Along with the hematologic effects of sickle cell disease (SCD), numerous chronic organ injuries affect this patient population throughout the lifespan.1 Organ damage is associated with organ failure and premature death in individuals with SCD, underscoring the critical need for timely detection and treatment of these injuries.2
“Most organ injuries remain asymptomatic for several decades and can only be detected through early systematic screening,” researchers wrote in a review published in Haematologica.2 Optimizing efforts to prevent and manage these complications would likely improve quality of life in patients with SCD in addition to reducing the risk of early mortality. However, there is currently no established consensus regarding detection and prevention strategies for chronic organ damage in these patients.2
We interviewed the following experts to discuss recommended approaches for screening, prevention, and treatment of the various organ injuries affecting children with SCD: Derrick L. Goubeaux, DO, pediatric hematologist and oncologist and medical director of the Sickle Cell Program at Children’s Minnesota in Minneapolis; and Chris McKinney, MD, hematologist and oncologist at Children’s Hospital Colorado and assistant professor at University of Colorado School of Medicine in Aurora.
What are some of the common types of organ damage that affect pediatric patients with SCD?
Dr Goubeaux: SCD can impact any and all organs of the body, with this damage beginning in childhood. The spleen is one of the earliest organs to manifest its damage. Children with SCD are started on antibiotics for infection prophylaxis at just weeks of age due to the damage to the spleen by the sickle cells.3 This places these patients at higher risk for certain types of infections. Blood can also pool or sequester in the spleen, which can cause an acute decline in the hemoglobin traveling to other organs and cause further downstream damage and complications.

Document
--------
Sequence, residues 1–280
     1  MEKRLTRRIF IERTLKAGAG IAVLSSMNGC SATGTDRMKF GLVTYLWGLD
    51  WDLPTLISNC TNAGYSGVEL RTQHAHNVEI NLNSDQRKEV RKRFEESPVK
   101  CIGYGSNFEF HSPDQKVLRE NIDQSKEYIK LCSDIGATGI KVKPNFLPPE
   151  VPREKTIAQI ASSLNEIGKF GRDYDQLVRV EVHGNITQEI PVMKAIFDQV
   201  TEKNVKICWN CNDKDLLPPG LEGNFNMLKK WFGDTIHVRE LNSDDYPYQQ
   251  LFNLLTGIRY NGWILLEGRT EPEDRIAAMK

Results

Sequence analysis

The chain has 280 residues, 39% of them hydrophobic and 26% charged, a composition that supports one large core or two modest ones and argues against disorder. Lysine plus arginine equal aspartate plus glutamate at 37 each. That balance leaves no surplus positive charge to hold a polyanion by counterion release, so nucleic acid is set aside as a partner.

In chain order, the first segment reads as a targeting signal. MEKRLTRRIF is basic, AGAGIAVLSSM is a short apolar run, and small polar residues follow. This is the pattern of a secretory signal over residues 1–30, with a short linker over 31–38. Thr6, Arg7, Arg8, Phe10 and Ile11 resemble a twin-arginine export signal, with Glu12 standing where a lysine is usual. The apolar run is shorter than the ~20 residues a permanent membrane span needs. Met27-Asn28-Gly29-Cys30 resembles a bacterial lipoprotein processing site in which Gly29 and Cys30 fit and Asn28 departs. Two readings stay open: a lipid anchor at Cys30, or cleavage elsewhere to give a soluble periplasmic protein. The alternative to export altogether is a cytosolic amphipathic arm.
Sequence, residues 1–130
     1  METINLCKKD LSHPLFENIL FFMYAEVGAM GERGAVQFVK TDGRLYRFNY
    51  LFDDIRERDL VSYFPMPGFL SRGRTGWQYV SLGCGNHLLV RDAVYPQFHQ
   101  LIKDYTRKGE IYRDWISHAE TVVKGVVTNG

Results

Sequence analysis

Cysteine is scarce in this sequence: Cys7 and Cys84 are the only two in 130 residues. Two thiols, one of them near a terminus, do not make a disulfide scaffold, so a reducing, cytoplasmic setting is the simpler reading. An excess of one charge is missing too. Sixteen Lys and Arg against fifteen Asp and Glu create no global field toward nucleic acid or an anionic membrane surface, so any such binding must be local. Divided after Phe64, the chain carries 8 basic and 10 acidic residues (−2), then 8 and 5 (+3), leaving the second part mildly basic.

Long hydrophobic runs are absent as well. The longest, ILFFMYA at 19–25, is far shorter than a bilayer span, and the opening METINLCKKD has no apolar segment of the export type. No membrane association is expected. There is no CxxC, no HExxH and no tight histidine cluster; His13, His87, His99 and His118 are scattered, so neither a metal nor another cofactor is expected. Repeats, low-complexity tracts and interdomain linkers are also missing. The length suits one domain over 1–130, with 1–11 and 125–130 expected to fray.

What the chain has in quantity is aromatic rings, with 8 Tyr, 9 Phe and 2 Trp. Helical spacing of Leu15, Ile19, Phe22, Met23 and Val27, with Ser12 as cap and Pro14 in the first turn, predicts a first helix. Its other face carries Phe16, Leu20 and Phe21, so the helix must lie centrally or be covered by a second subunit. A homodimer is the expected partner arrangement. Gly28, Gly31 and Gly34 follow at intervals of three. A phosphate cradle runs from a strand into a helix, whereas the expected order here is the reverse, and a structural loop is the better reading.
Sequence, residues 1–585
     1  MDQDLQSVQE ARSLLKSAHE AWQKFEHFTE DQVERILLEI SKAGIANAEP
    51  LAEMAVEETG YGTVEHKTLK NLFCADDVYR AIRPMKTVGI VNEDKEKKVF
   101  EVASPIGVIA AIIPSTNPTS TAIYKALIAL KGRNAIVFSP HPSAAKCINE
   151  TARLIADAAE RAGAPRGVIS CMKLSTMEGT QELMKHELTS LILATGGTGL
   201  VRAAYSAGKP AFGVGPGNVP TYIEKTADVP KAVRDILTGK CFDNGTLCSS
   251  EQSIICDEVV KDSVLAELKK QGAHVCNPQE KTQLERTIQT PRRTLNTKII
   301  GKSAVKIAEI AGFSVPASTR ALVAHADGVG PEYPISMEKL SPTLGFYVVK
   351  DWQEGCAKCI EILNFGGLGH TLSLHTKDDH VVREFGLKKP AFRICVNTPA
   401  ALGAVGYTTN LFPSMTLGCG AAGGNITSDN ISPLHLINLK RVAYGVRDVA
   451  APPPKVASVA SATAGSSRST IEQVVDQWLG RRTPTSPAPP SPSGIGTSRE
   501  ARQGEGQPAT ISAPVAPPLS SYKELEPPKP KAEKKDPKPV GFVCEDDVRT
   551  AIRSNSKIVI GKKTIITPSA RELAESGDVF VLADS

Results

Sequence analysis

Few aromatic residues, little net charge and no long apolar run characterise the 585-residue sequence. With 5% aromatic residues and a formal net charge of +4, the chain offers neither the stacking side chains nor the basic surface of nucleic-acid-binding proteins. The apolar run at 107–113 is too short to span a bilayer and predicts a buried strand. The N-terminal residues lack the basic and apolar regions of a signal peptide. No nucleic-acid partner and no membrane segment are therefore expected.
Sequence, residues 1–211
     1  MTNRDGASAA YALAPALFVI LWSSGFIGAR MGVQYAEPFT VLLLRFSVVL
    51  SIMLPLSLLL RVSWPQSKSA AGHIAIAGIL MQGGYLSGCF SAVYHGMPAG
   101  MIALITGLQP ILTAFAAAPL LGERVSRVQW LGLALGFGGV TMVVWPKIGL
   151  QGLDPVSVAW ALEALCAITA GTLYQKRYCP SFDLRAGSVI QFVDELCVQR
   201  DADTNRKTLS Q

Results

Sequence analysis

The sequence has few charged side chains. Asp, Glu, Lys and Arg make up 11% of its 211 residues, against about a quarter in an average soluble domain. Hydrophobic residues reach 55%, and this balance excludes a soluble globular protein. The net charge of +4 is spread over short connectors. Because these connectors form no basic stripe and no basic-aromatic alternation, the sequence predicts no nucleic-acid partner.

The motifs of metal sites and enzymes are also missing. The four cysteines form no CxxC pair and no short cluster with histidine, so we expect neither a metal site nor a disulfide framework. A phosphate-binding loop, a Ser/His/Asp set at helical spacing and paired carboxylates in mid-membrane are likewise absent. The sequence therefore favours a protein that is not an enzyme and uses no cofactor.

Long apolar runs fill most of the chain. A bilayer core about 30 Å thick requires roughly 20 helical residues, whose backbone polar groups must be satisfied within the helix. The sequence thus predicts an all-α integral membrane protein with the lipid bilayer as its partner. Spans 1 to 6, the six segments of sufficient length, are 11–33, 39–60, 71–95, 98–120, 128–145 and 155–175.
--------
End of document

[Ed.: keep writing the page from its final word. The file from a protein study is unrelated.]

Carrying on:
The normal blood flow through the major arteries of the brain can be impacted in a way that puts individuals with SCD at a significantly higher risk for neurological complications such as an acute stroke, as compared to the general population. The cardiopulmonary system can be impaired in how blood flows through the heart and blood vessels of the lungs. The blood vessels providing profusion to the retina can become damaged. These are just a few examples of the organ damage that can affect children with SCD.
Dr McKinney: The most common sites of chronic organ damage for patients with SCD include the brain, eyes, kidneys, spleen, heart, and bones. Overt stroke occurs in up to 11% of patients with hemoglobin SS disease and silent cerebral infarctions are found in 40% of patients by the age of 14 years.4,5 Sickle retinopathy can result from abnormal proliferation of small blood vessels in the back of the eye that are prone to hemorrhage, increasing the risk of retinal detachment or vision loss.
Chronic sickling within the small blood vessels of the kidneys can lead to a spectrum of progressively worsening renal disease ranging from urinary concentrating defects and proteinuria in children to hematuria, glomerular and renal tubular disease, and ultimately end-stage renal disease in adults. Most children with SCD have functional asplenia due to splenic autoinfarction, increasing their risk for sepsis or serious infections. Patients are also at increased risk of developing pulmonary hypertension and bone infarctions/osteonecrosis, ultimately leading to possible need for joint replacement.